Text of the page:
The last time the Champions League final was held in Lisbon the Portuguese capital was mobbed by 70,000 Spanish fans making the short journey from Madrid as Real and Atletico played out a local conflict in front of a global television audience of 350 million.
Six years on from Real’s 4-1 victory and the return of club football's biggest match couldn’t be any more different. Portuguese police expect a maximum of 200 fans to arrive from the eight clubs who have qualified for the mini-tournament to be held over the next fortnight as this season’s competition ends in a way unlike any that have gone before.
Atalanta will play Paris St-Germain on Wednesday in the first of four quarter-finals in as many nights as European football tries to finally bring their season to a close in the wake of the coronavirus pandemic.
They will encounter “a very different Lisbon” to the one they may have visited previously, according to police sources. Coronavirus impacted the city more than any other part of Portugal and Lisbon is still regaining its feet. As a result, the general mood is one of indifference at an international party to which the locals aren’t invited. With each of the teams set to be in their own biosecure bubble, there are no risks being taken by any of the authorities involved.
“We are prepared for everything, but we don’t expect a difficult Champions League security operation,” explains a source with years of experience policing football matches in the country. “The risk level is not high as we expect no more than 200 supporters to come with their teams. We are always in touch with our European counterparts and the information we gather from them shows low interest from the travelling fans.
“We could face a few problems if certain teams meet in the latter stages, such as a repeat of Madrid’s derby final in 2014. But anyway, this will be a very different Lisbon”, the police source added.
Despite this, PSP (The Public Security Police) will have up to 400 officers on the street to ensure the sanctity of the bubbles around the teams. That reflects the stronger quarantine measures that are currently in place for Lisbon’s three million residents compared to their eight million fellow countrymen.
That police presence will be centred around creating a security ring outside the hotels, training grounds and Da Luz and Alvalde stadiums that will host the seven matches. Each club has been allocated one training ground each, with Manchester City set to be based at the Portuguese national team’s centre to the west of the city, a stone’s throw from the Estadio Nacional at which Celtic’s Lisbon Lions won the 1967 European Cup. Other training grounds include those of both Benfica and Sporting Lisbon, as well as smaller lower-league grounds around the city. The eight teams will be in eight different five-star hotels, all within 30 miles of Lisbon city centre, and the authorities are not anticipating trouble.
“We will run a very discreet and preventive operation. We had more problems with the last 10 games of the Portuguese league [which ran from June 3 to July 26], especially the title celebrations when FC Porto was crowned champion, than we will with the biggest matches of Europe,” the police source said.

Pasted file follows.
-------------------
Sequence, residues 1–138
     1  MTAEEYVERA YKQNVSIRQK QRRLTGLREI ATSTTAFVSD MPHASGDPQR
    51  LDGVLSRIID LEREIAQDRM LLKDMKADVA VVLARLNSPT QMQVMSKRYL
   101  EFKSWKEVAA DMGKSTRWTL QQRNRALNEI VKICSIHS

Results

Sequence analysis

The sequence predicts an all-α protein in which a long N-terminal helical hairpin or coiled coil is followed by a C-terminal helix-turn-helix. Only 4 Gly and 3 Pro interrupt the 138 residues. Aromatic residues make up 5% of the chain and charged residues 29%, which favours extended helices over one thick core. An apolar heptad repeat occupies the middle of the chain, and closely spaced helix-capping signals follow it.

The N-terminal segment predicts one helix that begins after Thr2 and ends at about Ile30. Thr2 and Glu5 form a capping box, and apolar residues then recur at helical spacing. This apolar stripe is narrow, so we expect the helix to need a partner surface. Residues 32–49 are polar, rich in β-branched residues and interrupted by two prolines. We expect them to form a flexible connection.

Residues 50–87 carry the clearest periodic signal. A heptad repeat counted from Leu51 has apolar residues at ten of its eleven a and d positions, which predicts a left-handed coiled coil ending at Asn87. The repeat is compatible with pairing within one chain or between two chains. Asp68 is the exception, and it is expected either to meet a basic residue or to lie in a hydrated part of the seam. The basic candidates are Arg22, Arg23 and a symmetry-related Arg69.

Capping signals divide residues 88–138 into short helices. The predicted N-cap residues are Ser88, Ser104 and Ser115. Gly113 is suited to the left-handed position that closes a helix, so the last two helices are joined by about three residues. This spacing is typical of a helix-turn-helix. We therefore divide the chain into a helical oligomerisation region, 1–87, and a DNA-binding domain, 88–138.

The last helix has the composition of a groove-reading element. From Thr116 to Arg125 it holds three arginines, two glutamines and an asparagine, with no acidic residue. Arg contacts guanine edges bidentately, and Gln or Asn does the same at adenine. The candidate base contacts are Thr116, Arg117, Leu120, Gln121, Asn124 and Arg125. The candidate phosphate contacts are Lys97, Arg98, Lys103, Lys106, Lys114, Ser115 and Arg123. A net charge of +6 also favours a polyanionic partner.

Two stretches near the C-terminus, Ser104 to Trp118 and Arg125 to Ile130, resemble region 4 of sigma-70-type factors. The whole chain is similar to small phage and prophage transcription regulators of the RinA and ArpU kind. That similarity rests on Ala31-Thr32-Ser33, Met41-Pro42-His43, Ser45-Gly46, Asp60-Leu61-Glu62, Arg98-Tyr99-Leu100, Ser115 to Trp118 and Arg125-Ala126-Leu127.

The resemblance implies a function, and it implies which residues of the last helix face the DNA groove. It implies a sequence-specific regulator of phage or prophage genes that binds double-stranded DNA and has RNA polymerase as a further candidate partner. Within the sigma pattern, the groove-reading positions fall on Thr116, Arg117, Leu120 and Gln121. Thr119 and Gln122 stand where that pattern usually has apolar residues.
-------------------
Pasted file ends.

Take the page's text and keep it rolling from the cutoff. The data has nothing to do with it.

And that victory by Porto is another reason why local interest is lacking. Lisbon football supporters are happy to ignore the sport after Benfica lost out in both the League and Cup final to Porto, while Sporting Lisbon slumped to fourth place on the final day of the season.
Then there are the wider issues that are impacting every country around the world. Unemployment is four times higher than at the same period last year and has recently climbed to 7.4 per cent, higher than the 6.7 per cent average across the Eurozone.
In addition, tourism - one of the main income streams for the country - has been decimated, particularly by the UK Government’s decision not to put the country on its’ ‘safe list’.
When it was announced that Lisbon would host the final stages of the competition, Prime Minister Antonio Costa said: “It is a victory for all Portuguese people. They are demonstrating an extraordinary capacity to resist and get through this pandemic. It is a deserved prize for all healthcare professionals.”
It is fair to say that view is not widely shared. The opposition parties say it is unfair for the Portuguese people to welcome Uefa with open arms, while the most stringent critic is Porto president Pinto da Costa, who has a point when he says it is unfair his city is now no longer hosting the Uefa Women’s Supercup while Lisbon is getting another major football tournament after hosting the Euro 2004 and Nations League 2019 finals, as well as the 1967 and 2014 Champions Leagues.
Such local squabbles will not concern the international arrivals, but television viewers will be interested to know that plans are underway to make the visual experience one to remember, with one option being the installation of a huge virtual panel alongside the pitch with live reactions from fans.
As a spectacle, the end to the Champions League will almost certainly look the part - or as much as it could behind closed doors. But for the locals this will not be a tournament to remember.